Entrepreneurship Industry News

Africa’s female tech entrepreneurs point to a bright future – WEF

Six entrepreneurs have been chosen to participate at the forum on Africa 2017 under the theme “Achieving inclusive growth through responsive and responsible leadership”.

If Africa’s burgeoning young population holds the key to the region’s economic fortunes the future looks bright, the World Economic Forum (WEF) said in a statement on Tuesday, on the eve of the opening of its annual Africa meeting.

The statement pointed in particular to the quality of responses to the organisation’s search for the region’s best new female technology entrepreneurs.

WEF said its second annual search for Africa’s best women technology entrepreneurs had discovered “a wealth of female entrepreneurial talent in the region”.

Six of these entrepreneurs have been chosen to participate at the forum on Africa 2017 being held in Durban from Wednesday to Friday, May 3-5, under the theme “Achieving inclusive growth through responsive and responsible leadership”.

The six will join discussions on how to prepare the region for the Fourth Industrial Revolution. They will also contribute to discussions — and generate action plans — aimed at boosting entrepreneurship in Africa.

WEF said the women — who have succeeded in areas as diverse as renewable energy, urban farming, fin tech, the sharing economy and agricultural tech — were chosen from hundreds of entries.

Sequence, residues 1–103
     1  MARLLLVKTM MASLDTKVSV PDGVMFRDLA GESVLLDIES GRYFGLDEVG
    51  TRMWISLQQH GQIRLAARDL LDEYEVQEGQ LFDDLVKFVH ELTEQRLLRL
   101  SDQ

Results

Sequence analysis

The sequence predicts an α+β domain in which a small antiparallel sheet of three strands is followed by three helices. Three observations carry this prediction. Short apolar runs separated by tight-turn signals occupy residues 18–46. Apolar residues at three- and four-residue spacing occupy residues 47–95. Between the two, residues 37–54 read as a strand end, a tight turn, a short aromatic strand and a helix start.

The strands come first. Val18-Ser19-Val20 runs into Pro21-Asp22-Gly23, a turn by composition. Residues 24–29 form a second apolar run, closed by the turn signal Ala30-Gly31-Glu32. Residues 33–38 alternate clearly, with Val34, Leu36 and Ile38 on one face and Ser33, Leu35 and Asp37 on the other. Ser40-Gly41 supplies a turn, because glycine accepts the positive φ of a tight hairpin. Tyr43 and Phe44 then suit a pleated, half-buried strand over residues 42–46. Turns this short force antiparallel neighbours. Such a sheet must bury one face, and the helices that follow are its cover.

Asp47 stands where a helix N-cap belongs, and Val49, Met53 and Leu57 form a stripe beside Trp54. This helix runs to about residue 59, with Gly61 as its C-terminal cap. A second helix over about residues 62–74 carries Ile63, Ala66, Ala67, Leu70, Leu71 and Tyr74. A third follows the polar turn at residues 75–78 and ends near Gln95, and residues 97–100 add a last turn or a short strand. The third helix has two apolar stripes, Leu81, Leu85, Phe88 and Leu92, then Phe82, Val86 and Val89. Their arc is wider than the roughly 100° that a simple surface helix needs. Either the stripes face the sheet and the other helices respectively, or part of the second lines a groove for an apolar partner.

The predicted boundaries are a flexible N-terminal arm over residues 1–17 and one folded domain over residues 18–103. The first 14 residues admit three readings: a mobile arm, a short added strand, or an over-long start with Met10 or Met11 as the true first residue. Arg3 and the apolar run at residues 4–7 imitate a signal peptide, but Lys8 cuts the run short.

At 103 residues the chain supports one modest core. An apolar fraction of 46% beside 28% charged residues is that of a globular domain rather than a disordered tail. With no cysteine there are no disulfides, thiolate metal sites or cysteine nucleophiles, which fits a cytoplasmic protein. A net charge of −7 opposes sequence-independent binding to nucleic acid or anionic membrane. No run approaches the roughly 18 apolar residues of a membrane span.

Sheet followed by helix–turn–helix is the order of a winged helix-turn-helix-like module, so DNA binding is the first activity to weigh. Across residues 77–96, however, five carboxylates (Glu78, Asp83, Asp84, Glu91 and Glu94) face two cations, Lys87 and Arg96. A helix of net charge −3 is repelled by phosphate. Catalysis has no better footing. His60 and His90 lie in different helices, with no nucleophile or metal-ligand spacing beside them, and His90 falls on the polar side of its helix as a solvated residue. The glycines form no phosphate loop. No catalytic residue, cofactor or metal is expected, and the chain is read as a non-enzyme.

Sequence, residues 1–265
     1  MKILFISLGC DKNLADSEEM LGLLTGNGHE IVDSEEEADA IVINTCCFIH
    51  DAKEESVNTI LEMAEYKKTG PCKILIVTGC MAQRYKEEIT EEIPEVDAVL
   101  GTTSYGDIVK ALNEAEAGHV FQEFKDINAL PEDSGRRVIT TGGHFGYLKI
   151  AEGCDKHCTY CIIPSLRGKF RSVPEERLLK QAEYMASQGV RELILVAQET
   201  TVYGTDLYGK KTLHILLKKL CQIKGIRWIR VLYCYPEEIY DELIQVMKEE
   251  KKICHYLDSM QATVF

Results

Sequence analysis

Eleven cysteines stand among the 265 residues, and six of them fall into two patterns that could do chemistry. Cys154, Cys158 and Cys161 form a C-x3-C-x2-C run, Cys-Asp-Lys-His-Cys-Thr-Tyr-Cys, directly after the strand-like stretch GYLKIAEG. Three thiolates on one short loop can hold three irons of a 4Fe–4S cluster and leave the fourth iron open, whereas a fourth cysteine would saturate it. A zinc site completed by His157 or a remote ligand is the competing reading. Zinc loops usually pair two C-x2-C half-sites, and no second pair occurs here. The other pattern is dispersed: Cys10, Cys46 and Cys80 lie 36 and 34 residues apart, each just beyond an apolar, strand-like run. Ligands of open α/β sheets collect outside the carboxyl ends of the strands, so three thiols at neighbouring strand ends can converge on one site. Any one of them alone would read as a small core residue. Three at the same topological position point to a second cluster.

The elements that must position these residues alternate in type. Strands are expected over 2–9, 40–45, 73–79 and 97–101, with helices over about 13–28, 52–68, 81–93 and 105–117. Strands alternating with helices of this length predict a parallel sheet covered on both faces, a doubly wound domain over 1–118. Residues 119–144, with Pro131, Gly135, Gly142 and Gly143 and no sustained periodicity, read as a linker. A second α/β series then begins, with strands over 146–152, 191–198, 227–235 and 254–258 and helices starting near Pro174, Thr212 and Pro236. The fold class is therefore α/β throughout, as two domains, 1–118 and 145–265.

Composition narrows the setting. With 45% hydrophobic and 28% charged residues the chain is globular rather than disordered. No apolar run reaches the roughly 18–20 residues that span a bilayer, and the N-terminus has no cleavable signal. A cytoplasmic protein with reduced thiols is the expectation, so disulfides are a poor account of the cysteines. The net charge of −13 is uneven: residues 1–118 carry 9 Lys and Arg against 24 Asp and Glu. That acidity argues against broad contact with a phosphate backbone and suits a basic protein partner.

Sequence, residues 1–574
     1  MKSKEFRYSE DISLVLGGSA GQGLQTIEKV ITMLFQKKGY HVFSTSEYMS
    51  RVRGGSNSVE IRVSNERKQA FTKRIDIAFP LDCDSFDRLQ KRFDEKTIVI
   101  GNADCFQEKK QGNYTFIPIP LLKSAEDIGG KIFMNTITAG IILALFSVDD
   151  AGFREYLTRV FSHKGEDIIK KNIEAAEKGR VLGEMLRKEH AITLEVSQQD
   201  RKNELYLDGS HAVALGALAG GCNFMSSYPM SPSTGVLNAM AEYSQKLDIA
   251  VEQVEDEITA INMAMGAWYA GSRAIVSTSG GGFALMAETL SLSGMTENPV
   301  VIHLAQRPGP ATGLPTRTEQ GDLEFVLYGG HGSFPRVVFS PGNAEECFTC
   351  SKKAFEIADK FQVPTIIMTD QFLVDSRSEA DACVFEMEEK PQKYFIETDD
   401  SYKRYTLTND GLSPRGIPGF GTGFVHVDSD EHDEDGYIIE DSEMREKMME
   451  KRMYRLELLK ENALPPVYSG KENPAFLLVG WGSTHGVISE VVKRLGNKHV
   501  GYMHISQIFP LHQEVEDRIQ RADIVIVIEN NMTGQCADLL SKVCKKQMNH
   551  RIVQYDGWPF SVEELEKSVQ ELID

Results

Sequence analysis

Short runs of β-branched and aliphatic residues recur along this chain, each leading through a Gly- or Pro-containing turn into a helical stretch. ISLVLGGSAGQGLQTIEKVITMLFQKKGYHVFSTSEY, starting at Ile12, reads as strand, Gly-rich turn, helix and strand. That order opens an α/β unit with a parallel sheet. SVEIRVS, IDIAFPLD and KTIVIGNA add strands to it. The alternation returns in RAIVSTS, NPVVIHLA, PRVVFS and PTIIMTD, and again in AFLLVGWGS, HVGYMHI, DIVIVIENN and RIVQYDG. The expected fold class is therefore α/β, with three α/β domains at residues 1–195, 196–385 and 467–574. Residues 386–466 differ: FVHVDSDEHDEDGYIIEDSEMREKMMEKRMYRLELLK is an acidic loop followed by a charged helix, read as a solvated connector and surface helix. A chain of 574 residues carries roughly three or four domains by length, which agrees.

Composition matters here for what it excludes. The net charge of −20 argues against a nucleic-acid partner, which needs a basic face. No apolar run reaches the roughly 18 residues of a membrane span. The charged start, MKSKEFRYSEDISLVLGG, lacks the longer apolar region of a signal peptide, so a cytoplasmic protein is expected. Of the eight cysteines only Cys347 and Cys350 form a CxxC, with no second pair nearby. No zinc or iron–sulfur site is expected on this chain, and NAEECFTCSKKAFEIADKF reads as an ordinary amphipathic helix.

The selected entrepreneurs are:
Oluwayimika Angel Adelaja, Fresh Direct, Nigeria. The company pioneered stackable container farms, helping urban populations access high-quality produce, reduce stress on land use and reduce the need to import vegetables.

Temie Giwa-Tubosun, LifeBank, Nigeria. The company deploys digital supply chain thinking to deliver blood and other high-value medical products to hospitals and health centres.

Esther Karwera, Akorion, Uganda. The company has developed software that integrates smallholder farmers into digital value chains, helping them sell directly to agribusinesses.

Darlene Menzies, FinFind, South Africa. The company explains and aggregates all sources of SME finance, improving entrepreneurs’ access to capital and helping lenders identify a pipeline of quality loan leads.

Aisha Pandor, SweepSouth, South Africa. The company uses sophisticated algorithms to match customers and “SweepStars”, creating flexible working opportunities and helping elevate the status of cleaners in South Africa.

Charity Wanjiku, Strauss Energy, Kenya. The company’s proprietary solar roofing tiles are able to undercut conventional solar tiles by 30 percent.

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